We like companies with strong environmental and ethical values; Lush does not test on animals, everything is hand-made with fresh, fairly-traded ingredients (and they don’t even advertise their products). It’s good value too- with most expensive face creams you pay more for the supermodel who tells you how ‘great’ it is than the actual ingredients. Through careful choices like this we can be clean and smell nice for 800 days whilst minimising our impact on the planet we are exploring.
Visa processing times continue to keep our itchy feet on British soil; the good news is that we have been granted Kazakhstan and Mongolian Visas and are just waiting on Russia now. For all our planning and painstakingly precise lists there are still two big logistical questions before we hit the road; will it all fit in and will it all work? With bonus time on our hands we set off for 3 days camping on the Isle of Purbeck in Dorset. Designated as an ‘Area of Outstanding Natural Beauty’, this peninsula boasts the highest number of native wild flower species in Britain and is home to all seven of the UK’s reptile species. The weather has been gorgeously sunny throughout England over the past couple of weeks; we chose Burnbake Campsite, a quite woodland spot as the location for our overland overhaul.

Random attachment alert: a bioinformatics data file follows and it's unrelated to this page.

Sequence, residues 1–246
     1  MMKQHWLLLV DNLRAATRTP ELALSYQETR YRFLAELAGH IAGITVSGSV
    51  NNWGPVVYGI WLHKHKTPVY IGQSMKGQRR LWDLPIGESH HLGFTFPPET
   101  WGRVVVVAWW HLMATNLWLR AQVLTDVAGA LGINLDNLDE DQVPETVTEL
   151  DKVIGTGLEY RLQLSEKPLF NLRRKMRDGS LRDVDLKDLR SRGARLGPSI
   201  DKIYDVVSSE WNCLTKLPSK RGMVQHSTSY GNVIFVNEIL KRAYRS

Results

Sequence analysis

Space was pretty much maxed-out as we drove off which has provoked some thought about how we can reduce our equipment to allow a less crammed-in carload. The majority of our possessions are organised into 13 Wolf Boxes which stack together and allow us to store and access our equipment easily and methodically. These have also controlled what we take with us; both Andy and I have limited ourselves to one box each for clothing and one for personal possessions. Throughout our travel trial the boxes were shuffled and re-packed, with some items being relegated as superfluous and others being added to a new list.